[dyson sphere with demons thing]

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[dyson sphere with demons thing]

Postby Kappa » Thu Jul 26, 2018 10:13 am

So once upon a time, I wandered through the living room while my dad was watching a weird 3d-animated movie on Netflix. And then like a week later I wandered through the living room and he was watching a different weird 3d-animated movie on Netflix. And these concepts each sounded like they would make for an interesting glowfic premise, and they merged in my brain into a bizarre conglomeration which proceeded to get even more interesting.

The shows were Gantz and BLAME. One is about a video-game-in-real-life scenario in which an ominous black orb commands you to fight invading demons and offers prizes like fantastically powerful weapons or the resurrection of your fallen comrades in return for demon-related bounties; the other is about a post-apocalyptic society of nomads living in a derelict megastructure, scrounging resources from the ruins of civilization, hunted by a deranged security system that seeks to protect a group of people who no longer exist.

The bizarre conglomeration, then, is about a post-apocalyptic society of nomads living in a derelict megastructure, hunted by bands of roving demons, with their tribes and villages defended by ominous black orbs that recruit people to fight the demons and offer weapons and resurrections in return for collected demonic essences. The security systems of the derelict megastructure are sometimes helpful, sometimes not.

The derelict megastructure is a Dyson sphere, constructed using a form of light-based magitech that centers it on its star and powers it via a feedback loop: the star's light is absorbed by the sphere's inner surface and fed through its major systems, then recycled to feed the star in turn. Very little energy escapes this vast shell, but it's net positive in usage vs production; left alone, it would keep going forever, providing food and water and light and shelter and comfort for potentially quadrillions of inhabitants.

Unfortunately, it was not left alone.

I'm not sure exactly where the demons came from or what their deal is, but they managed to wipe out the original population of the sphere almost completely. The remnants of the sphere-building society didn't have enough expertise between them to continue understanding and maintaining the systems of the megastructure; things started breaking down and going faulty. The megastructure was well-engineered enough to last a very long time with very few catastrophic failures even on a maintenance regimen of "no", but with demonic rampages to deal with on top of that, it's suffered some serious issues.

Given the sheer size of the sphere, it's entirely possible for alien explorers to land on it somewhere, investigate, get murdered by demons a little, find an orb with which to protect themselves, settle in, colonize the place, and completely fail to even notice that there are still any survivors anywhere inside it for the next hundred years. And of course the survivors could easily end up being wiped out by assorted catastrophes anyway. So the sphere will be available as a setting in both "inhabited" and "uninhabited" flavours.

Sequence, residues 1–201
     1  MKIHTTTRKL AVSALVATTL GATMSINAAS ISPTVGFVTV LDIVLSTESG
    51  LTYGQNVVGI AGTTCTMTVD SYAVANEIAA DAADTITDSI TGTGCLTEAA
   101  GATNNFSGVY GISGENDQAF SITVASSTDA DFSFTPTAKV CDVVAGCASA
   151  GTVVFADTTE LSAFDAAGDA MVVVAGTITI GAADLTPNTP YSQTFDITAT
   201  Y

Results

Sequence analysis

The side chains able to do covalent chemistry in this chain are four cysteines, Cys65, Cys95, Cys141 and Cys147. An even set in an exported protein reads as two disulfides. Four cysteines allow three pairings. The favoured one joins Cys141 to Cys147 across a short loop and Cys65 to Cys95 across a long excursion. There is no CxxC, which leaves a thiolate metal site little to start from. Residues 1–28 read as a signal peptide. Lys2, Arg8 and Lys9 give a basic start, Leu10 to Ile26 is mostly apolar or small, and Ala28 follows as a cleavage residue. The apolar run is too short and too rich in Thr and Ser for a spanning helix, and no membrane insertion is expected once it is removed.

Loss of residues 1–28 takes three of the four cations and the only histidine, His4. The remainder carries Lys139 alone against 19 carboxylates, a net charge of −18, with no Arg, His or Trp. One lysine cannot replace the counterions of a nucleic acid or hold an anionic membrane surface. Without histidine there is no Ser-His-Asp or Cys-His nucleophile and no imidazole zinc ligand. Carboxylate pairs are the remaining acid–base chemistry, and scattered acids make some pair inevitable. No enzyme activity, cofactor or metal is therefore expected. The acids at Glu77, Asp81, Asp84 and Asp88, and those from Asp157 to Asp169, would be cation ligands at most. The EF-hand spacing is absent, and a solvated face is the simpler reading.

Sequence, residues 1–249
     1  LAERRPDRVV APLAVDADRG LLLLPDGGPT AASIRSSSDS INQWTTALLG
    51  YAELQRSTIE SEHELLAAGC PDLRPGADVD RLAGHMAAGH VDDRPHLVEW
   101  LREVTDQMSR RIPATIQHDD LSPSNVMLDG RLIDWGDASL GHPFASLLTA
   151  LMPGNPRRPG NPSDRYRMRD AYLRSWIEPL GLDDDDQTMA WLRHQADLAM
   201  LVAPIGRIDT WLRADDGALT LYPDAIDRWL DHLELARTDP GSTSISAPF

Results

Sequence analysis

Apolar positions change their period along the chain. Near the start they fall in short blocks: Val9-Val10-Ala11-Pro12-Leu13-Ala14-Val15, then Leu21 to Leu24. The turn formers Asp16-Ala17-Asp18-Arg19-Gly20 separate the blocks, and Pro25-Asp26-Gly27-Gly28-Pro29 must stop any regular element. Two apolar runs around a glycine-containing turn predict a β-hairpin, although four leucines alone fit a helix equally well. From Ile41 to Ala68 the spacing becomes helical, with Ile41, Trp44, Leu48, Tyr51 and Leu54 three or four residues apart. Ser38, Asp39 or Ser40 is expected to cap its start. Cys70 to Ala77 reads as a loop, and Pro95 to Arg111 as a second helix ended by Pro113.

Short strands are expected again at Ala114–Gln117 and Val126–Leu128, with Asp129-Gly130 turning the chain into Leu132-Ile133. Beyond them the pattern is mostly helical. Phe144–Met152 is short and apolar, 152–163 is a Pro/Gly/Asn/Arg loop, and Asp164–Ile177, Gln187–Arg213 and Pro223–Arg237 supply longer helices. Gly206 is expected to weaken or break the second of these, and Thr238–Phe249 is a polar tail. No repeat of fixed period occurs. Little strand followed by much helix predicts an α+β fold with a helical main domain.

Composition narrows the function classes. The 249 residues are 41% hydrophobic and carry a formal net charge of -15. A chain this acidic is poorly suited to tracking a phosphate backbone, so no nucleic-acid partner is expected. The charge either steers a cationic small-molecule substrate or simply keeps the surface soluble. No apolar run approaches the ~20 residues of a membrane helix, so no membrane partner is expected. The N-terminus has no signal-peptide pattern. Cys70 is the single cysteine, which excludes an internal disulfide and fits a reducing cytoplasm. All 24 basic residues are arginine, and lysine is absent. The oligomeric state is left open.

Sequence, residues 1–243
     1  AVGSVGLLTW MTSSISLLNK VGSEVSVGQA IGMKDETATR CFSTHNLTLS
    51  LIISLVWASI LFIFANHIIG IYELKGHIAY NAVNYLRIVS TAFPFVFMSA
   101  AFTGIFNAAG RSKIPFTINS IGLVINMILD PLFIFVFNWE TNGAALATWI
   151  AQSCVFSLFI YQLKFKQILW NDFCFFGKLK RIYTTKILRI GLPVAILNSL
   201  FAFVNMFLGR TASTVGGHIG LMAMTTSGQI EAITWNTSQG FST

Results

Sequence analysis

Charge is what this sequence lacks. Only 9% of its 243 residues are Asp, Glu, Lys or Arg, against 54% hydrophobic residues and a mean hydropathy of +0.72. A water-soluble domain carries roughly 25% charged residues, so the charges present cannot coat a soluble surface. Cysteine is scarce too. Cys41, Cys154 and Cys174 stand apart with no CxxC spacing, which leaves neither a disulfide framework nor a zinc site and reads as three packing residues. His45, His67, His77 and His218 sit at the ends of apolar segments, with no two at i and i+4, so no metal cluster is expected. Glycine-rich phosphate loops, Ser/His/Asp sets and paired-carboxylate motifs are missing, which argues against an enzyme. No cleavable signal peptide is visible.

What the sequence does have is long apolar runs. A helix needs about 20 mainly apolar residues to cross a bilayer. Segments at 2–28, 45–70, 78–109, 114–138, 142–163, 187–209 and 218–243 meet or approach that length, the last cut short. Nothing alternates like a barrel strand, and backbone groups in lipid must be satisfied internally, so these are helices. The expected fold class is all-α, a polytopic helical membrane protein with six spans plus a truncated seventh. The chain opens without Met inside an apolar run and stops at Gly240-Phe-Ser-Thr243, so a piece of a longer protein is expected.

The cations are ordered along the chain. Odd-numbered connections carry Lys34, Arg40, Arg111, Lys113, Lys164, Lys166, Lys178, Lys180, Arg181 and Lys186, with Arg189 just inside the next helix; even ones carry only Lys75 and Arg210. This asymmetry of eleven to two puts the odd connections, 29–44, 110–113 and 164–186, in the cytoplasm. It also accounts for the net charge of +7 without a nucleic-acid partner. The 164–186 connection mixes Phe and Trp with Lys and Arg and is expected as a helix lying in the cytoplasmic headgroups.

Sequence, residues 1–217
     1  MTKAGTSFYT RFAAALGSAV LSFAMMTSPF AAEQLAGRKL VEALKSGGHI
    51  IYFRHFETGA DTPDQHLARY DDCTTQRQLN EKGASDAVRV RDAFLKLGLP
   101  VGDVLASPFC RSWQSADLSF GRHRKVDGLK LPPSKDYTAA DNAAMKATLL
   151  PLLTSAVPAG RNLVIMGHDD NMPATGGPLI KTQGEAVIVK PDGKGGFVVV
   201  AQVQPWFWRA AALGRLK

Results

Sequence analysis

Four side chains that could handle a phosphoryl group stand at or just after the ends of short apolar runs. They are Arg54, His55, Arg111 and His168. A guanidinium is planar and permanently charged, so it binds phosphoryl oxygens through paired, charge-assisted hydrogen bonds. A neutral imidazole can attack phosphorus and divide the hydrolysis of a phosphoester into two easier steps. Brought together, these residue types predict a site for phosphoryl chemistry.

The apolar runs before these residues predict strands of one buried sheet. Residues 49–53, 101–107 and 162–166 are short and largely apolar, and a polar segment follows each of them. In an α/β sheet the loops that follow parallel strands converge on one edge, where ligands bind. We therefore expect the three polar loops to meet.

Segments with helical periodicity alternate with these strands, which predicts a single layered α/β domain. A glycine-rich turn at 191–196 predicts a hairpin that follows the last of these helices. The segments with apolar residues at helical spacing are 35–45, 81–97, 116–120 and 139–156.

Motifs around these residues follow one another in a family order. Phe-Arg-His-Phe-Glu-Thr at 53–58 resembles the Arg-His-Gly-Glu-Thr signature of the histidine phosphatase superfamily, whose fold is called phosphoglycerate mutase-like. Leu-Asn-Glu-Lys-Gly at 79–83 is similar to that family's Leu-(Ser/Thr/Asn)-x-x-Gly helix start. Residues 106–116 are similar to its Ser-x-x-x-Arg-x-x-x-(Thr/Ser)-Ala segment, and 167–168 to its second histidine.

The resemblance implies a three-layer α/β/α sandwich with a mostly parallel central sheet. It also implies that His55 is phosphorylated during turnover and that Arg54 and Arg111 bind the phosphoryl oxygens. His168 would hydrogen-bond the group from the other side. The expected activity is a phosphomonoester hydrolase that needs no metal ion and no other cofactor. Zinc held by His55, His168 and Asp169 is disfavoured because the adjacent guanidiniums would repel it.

The way the orbs work is approximately like so:

  • The orbs are glossy black spheres, 1m in radius, which habitually float a few inches above the floor or ground. Unattached orbs will roam the megastructure at random in search of non-demons to protect.
  • A tribe or settlement must bond themselves to an orb to receive protection. If the population of the group is less than 5, all members will be listed as active protectors. As the population grows, the orb seeks to rebalance the proportion of active protectors using these guidelines:
    • The minimum number of active protectors in a group with a population less than 120 is 4 or one-tenth of the total population (rounded up), whichever is larger. The minimum number of active protectors in a group with a population greater than 120 is 12 or one-millionth of the total population (rounded up), whichever is larger.
    • If any active protectors are children according to the developmental timeline of their species as best the orb understands it, decommission the youngest as soon as restrictions allow. (By the orb's standards, humans 14 or younger are "children", while humans 15 or older are "adults"; Amentans 3 or younger are "children", while Amentans 4 or older are "adults".)
    • Always accept (adult) volunteers.
    • If the number of active protectors is below the minimum, recruit a new one, choosing randomly from among adult members of the group if any are available. If the group has no un-recruited adult members, recruit the oldest child. Repeat until the minimum number is met.
    • If the number of active protectors is above the minimum, offer all active protectors the opportunity to be decommissioned.